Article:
Knowledge transfer and policy learning in the context of urban resilience: A case study of water management in Mexico City and Rotterdam.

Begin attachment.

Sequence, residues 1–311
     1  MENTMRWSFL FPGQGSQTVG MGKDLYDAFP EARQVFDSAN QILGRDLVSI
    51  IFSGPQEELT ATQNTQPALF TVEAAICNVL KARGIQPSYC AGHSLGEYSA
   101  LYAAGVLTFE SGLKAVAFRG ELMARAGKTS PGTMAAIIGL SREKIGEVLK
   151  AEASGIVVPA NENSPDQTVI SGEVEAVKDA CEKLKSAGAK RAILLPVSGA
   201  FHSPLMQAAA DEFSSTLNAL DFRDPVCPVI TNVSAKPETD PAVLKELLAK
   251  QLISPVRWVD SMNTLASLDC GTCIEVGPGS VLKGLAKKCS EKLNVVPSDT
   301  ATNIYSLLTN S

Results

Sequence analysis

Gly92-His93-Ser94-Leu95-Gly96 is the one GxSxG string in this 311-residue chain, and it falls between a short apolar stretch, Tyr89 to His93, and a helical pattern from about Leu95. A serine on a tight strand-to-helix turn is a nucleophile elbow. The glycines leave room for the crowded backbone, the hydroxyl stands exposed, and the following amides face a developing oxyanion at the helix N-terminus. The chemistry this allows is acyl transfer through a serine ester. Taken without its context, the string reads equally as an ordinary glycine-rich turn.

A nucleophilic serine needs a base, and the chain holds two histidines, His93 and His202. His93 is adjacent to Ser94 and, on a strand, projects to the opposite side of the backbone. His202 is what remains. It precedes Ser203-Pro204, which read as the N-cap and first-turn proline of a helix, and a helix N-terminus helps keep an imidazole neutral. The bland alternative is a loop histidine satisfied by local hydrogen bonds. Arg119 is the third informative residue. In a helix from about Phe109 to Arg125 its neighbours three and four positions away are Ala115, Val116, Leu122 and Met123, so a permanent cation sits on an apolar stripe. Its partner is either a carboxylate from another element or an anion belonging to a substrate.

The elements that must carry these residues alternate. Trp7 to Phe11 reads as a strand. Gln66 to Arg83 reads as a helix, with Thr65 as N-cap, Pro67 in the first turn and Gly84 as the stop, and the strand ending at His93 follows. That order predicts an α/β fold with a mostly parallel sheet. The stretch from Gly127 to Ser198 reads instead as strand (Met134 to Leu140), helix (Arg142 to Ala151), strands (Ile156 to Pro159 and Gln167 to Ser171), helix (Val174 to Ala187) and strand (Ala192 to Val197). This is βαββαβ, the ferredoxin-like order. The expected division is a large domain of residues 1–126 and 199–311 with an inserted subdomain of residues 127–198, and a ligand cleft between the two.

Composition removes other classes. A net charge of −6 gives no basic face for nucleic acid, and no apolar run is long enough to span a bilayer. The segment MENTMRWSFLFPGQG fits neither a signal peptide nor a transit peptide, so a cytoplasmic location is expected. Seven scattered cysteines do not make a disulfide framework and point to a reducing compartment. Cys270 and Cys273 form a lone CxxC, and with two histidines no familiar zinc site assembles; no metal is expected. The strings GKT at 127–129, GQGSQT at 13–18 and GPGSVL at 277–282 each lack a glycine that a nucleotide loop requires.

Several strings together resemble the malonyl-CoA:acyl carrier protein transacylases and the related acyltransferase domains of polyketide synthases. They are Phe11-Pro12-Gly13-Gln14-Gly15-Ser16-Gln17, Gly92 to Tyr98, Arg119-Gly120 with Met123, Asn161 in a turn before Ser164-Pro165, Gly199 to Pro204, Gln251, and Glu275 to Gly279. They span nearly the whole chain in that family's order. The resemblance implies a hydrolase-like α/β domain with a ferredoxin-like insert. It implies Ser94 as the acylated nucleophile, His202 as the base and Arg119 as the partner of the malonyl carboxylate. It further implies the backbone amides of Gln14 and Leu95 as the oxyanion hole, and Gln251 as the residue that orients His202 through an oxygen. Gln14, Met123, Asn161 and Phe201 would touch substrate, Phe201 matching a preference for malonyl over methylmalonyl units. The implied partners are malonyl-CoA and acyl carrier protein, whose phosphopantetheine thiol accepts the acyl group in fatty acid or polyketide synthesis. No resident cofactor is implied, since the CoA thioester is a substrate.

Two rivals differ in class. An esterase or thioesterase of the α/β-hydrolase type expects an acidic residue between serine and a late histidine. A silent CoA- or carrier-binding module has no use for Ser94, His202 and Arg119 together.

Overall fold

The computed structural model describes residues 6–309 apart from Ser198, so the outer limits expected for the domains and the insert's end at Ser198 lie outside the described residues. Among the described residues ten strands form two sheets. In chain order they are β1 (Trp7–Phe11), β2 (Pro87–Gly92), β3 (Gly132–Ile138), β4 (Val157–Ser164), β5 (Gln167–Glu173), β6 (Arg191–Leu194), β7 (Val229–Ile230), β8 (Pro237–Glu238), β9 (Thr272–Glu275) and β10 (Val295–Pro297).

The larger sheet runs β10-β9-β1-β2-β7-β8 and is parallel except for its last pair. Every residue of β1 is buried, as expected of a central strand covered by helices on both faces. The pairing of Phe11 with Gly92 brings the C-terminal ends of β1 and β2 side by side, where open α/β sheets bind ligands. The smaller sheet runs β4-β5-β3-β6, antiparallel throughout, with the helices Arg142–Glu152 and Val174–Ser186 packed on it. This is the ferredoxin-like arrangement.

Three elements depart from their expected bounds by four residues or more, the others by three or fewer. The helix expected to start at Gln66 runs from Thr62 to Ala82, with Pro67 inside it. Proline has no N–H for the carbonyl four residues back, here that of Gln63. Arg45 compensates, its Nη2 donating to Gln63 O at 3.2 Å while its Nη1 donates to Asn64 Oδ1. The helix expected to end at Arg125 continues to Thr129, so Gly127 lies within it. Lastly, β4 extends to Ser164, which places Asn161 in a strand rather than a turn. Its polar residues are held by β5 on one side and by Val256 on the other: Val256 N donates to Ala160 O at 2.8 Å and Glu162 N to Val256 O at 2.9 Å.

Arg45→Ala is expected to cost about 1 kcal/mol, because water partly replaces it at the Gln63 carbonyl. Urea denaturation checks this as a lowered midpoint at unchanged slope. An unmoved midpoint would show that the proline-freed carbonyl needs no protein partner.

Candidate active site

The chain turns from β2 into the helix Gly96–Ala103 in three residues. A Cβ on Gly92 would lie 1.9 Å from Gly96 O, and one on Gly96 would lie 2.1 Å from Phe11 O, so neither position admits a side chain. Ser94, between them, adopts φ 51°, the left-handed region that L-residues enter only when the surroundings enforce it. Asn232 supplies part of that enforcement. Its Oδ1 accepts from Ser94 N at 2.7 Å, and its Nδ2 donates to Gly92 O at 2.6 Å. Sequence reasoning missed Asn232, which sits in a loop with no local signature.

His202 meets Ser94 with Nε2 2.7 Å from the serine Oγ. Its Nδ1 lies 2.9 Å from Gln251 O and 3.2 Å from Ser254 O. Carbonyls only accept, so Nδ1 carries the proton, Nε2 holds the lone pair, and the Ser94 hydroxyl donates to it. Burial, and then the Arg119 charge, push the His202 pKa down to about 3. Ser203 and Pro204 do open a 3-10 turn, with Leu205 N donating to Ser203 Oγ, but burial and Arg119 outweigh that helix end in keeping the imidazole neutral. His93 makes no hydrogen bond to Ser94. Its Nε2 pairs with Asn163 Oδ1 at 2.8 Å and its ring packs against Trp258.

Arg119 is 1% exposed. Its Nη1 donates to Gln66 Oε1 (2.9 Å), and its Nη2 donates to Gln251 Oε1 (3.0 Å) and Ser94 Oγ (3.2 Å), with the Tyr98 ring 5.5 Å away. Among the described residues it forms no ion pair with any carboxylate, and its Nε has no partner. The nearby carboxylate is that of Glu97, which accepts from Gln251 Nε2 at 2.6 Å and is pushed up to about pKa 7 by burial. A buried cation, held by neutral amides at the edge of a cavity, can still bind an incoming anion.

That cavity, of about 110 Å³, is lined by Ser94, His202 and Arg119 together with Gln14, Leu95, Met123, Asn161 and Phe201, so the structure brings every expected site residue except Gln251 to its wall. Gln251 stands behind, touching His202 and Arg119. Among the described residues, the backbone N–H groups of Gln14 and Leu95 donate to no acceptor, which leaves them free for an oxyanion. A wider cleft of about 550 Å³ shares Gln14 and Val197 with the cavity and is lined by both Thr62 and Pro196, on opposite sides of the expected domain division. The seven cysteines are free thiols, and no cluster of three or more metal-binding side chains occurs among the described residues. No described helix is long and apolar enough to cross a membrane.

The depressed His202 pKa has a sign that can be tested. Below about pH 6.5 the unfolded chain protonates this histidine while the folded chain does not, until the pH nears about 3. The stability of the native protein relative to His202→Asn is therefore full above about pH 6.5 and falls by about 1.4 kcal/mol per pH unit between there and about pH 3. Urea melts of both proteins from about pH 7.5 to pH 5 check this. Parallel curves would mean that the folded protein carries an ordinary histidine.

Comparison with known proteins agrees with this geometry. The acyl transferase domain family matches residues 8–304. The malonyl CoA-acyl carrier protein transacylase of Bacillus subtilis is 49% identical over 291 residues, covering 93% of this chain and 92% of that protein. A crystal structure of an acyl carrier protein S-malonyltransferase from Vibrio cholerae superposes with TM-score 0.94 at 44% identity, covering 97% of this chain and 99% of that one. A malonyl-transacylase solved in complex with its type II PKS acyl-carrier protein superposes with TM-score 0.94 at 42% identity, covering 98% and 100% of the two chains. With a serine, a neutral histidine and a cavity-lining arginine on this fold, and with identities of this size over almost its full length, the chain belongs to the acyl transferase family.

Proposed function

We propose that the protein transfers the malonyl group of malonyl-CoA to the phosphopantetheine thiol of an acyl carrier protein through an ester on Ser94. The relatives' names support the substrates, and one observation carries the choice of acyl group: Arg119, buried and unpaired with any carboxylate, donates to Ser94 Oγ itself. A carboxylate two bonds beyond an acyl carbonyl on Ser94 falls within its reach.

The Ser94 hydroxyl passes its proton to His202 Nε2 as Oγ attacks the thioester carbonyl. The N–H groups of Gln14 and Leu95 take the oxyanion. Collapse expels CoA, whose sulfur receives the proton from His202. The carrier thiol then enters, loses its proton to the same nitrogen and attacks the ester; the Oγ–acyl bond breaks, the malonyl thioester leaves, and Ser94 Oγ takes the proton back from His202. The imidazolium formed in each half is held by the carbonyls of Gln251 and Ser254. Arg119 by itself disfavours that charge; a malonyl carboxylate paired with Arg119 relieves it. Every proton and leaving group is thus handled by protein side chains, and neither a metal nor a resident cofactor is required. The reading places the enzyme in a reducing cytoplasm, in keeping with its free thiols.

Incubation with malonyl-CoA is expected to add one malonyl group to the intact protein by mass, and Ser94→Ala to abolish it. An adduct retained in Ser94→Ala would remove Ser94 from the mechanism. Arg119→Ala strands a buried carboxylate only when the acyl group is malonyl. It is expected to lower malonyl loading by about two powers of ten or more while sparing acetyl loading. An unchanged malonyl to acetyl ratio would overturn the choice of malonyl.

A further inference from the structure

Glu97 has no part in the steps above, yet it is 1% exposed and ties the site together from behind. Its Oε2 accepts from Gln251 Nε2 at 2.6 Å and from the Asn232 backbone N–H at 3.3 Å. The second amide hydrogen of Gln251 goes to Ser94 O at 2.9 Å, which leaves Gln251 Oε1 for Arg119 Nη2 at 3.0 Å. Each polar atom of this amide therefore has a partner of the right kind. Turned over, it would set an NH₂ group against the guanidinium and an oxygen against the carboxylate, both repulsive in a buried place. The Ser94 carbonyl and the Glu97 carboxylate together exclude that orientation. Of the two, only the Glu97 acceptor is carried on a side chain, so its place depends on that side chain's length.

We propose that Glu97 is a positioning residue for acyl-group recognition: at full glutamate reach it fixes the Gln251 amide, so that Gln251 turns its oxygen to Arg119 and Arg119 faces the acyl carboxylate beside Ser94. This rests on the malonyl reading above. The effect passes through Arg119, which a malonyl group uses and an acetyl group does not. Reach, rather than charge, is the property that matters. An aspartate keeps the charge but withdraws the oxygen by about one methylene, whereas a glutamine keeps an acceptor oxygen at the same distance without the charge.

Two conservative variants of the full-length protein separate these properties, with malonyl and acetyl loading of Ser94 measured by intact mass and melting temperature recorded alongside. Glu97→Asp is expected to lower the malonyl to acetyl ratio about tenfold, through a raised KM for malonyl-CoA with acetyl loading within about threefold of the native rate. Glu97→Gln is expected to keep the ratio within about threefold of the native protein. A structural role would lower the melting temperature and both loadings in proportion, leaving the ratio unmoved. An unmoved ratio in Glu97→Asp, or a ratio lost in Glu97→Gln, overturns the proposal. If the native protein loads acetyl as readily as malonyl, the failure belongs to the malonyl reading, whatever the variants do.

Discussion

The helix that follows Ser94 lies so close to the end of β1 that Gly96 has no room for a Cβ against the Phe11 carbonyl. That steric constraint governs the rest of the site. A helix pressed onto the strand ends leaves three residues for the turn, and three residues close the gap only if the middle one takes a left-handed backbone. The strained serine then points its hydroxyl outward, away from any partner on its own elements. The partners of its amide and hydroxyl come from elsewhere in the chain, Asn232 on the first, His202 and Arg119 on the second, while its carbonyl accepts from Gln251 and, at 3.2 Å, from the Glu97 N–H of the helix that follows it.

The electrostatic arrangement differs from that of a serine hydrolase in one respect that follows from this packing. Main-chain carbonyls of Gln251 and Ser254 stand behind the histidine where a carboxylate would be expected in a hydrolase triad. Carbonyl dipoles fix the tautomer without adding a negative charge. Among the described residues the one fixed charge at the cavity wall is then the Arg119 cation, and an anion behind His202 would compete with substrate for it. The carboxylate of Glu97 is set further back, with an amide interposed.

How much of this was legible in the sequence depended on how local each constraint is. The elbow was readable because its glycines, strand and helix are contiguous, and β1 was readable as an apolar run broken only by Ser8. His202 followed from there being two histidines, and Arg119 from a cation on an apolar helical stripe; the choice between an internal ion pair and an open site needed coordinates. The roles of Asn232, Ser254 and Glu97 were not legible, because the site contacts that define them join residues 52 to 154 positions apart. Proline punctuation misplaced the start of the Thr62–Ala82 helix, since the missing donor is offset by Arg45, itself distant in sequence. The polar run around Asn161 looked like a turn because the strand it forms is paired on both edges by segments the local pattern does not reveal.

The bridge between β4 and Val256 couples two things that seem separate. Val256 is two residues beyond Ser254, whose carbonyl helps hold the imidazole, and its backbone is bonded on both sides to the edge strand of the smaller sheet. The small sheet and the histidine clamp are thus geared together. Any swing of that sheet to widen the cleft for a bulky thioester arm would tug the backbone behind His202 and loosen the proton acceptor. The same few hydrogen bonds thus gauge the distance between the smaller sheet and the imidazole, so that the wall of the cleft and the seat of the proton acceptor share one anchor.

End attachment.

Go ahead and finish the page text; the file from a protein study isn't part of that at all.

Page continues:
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Urbanisation is a global multidimensional process paired with migration of people, changes in the capacity to sustain ecosystem services, and increasing uncertainty due to climate change. A consequence is water scarcity and floods. Urban water reforms should result in resilient water resource management that explicitly takes into account complexity, uncertainty and immediate and long term change. In order to increase the process of resilient solutions, global and local connections are necessary to exchange knowledge for the development of policies within cities. Policy will not move without the process of knowledge transfer and learning across cities. This resulted in the main focus of this research, namely, how knowledge transfer and policy learning between cities could be facilitated to promote urban water resilience in which a case study of Mexico City and Rotterdam was used. To understand the process of knowledge transfer and policy learning between cities a knowledge transfer model was developed to address this process to promote urban water resilience. The model was divided in four phases, namely, the exploration and marketing phase (1), the contact phase (2), the adoption phase (3), and the process of reflecting and internalization (4). Phase one stands for marketing on strengths of own system or exploring complementary knowledge for weaknesses of own system. Phase two stands for the first meetings between the actors in which creating a shared vision on the project is central. Phase three is the implementation of the innovation. Phase four stands for internalization of the transfer and reflecting on the process. A qualitative research is performed to study the model that existed of interviews and the method participant observer. According to the case and interviewees the mechanisms of phase one and two of the knowledge transfer model are crucial for preventing most obstacles that can arise within the implementation phase. A mutual understanding on struggles and histories helps with building trust especially with a lack of geographical proximity. A shared vision and committed local leaders are important requirements to secure and strengthen the process of implementation in the long term. Lastly, in the reflecting and internalization part, both cities gained knowledge and can use this knowledge in the next policy learning process. This process extends by creating networks of cities that allow a faster learning experience due to knowledge transfers and combining the existing and new knowledge to promote the development of urban water resilience.